Taken together, the authors hypothesized that the substrate binding sites of cellulases might be minimally compromised after cleavage with aminopeptidase given their location at the carboxy-terminus end (Van Tilbeurgh et al. 1986; Tomme et al. 1988). Furthermore, a minimal loss of cellulase activity after peptidase processing was assumed based on these early literature citations (Nylander and Malstrom 1959; Hill and Smith 1960). Thus, smaller sized cellulolytic enzymes, generated after treatment with peptidase, might potentially gain better access to lignocellulosic substrates with increased sugar production.

Accordingly, these experiments were designed to create and characterize truncated enzyme subtypes via proteolysis with exogeneous immobilized proteases (trypsin, chymotrypsin, and aminopeptidase). As predicted, Peptidase-modified cellulases and βGSD (Peptidase_Cellulase, Peptidase_βGSD) were identified as the best candidates to use for hydrolysis reactions of alkaline pretreated switchgrass based on their residual enzyme activity after treatment.

All enzyme forms were characterized with respect to the relative degree of cleavage using OPA assay methods, and resultant protein banding profiles were examined after SDS-PAGE. Peptidase_Cellulase and Peptidase_βGSD catalytic activities were assessed using filter paper and cellobiose substrates, respectively.

Modified enzyme preps were then used to hydrolyze the grass. Sugar yields (per gram of biomass) were measured, and the efficiency of each reaction, defined as mg sugar generated/filter paper unit (FPU) for cellulase, or mg sugar generated/cellobiase unit (CBU) for βGSD, was compared to data obtained with non-protease treated control samples (Control 1, Ctr 1_Cellulase or Ctr 1_βGSD).

Native proteolysis was also observed, together with the effect of sodium azide on sugar production. Potentially, the results gleaned from this study offer new insights for understanding the complex yet fundamental dynamics that influence the outcome of lignocellulosic bioprocessing reactions.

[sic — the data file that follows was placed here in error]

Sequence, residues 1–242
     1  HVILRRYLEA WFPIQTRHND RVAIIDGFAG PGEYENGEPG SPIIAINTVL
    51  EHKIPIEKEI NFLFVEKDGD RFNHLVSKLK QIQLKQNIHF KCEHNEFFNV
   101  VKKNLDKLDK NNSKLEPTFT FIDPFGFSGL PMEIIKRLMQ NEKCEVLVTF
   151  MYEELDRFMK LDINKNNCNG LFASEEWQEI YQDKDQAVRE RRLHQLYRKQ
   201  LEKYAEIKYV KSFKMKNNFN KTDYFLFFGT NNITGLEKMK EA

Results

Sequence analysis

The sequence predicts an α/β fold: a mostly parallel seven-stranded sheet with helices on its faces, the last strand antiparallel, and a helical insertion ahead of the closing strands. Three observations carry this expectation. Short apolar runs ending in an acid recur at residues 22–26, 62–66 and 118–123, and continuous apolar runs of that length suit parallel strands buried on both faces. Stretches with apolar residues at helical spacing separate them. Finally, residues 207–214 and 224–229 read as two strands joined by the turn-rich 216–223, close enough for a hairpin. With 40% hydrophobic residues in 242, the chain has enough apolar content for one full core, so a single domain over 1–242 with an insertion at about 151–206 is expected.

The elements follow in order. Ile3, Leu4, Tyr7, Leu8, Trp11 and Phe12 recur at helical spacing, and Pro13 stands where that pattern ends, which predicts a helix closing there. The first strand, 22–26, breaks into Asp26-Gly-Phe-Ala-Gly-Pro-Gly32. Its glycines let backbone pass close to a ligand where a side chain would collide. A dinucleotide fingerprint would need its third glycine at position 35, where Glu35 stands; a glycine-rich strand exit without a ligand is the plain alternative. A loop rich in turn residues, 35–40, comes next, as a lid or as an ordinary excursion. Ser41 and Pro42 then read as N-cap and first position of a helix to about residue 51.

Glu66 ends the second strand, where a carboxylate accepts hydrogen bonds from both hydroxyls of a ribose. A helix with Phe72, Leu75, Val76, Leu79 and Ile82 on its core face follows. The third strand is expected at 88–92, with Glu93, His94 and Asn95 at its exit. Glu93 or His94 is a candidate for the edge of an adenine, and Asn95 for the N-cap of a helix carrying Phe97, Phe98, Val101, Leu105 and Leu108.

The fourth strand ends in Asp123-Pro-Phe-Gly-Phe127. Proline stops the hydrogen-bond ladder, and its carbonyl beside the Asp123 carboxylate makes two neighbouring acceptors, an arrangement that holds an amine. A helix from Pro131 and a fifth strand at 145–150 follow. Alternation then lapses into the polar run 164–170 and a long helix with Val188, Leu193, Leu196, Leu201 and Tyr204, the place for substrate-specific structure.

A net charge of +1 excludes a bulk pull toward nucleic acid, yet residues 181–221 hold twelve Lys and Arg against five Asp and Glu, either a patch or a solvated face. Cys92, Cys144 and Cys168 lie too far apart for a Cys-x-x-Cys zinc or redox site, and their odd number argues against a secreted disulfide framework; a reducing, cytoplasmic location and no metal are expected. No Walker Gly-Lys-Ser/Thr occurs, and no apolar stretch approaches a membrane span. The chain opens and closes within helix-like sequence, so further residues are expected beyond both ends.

Chemicals and commercial enzyme resources

Cellulases (NS50013 cellulase complex, density: 1.20 g/L) produced by Trichoderma reesei and β-glucosidase from Aspergillus niger (NS50010 cellobiase, density: 1.24 g/L) were generously donated by Novozymes North America Incorporated (Franklington, NC, USA). These enzymes are used in the second generation biofuels industry. Trypsin (T1426, L-1-Tosylamide-2-phenylethyl chloromethyl ketone), (TPCK-treated, 10,000 BAEE units/mg), chymotrypsin (C 3142, Tosyl-L-lysyl-chloromethane hydrochloride (TLCK-treated, 40 to 60 units/mg), and aminopeptidase (P 7500 to 7550 units) were purchased from Sigma-Aldrich Inc. (Saint Louis, MO, USA)

Preparation of immobilized trypsin, immobilized chymotrypsin, immobilized aminopeptidase, and soluble peptidase

Immobilized proteases (trypsin, chymotrypsin, and aminopeptidase) were prepared using controlled pore glass beads (CPG 2000, 80 to 120 mesh), supplied by Millipore (Billerica, MA, USA), according to previous methodologies (Janolino and Swaisgood 1982; Thresher et al. 1989; Mateo et al. 2007).

Immobilized trypsin activity was measured as 150 units/g of bead using p-tosyl-L-arginine methyl ester (TAME) as the substrate while chymotrypsin activity was determined as 20 units/g with benzoyltyrosine ethyl ester (BTEE). Immobilized and soluble peptidase activity was assayed as 0.13 units/g of bead and 102 units/g of enzyme reagent, respectively, with the substrate L-leucine-p-nitroaniline (Thresher et al. 1989).

Cellulase and βGSD sample preparation – Protease digestion conditions

In the first set of experiments, 1 mL of commercial cellulase or βGSD stock solution was diluted to a final volume of 10 mL with 50 mM sodium phosphate buffer, pH 7.0. Then, 50 µL of immobilized protease (trypsin, chymotrypsin, or peptidase) was added to 2.0 mL of each experimental sample type and incubated for 24 h at 37 °C (Experimental results are depicted in Figs. 1A and 1B).

In later trials, a volume of 0.50 mL of either immobilized or soluble peptidase was added to 10 mL of the diluted cellulase or βGSD substrate, and the mixture was slowly rotated on a shaker platform for either 24 h or 48 h at 37 °C. A test aliquot of 0.5 mL was removed from the reaction vessel at indicated time intervals to: (1) measure the relative degree of hydrolysis (OPA assay, Table 1), (2) examine the resulting protein banding profiles (SDS-PAGE, Figs. 2A and 2B), and (3) determine the residual catalytic activity after proteolysis (Fig. 3).

Definition of sample types

After dilution, Control 1 samples (Ctr 1_Cellulase, Ctr 1_βGSD) were stored in the refrigerator prior to analysis. Control 2 samples, (Ctr 2_Cellulase, Ctr 2_ βGSD), which represented the impact of native protease activity on the system, and Peptidase_Cellulase or Peptidase_βGSD samples were held at 37 °C for defined time intervals prior to experimentation.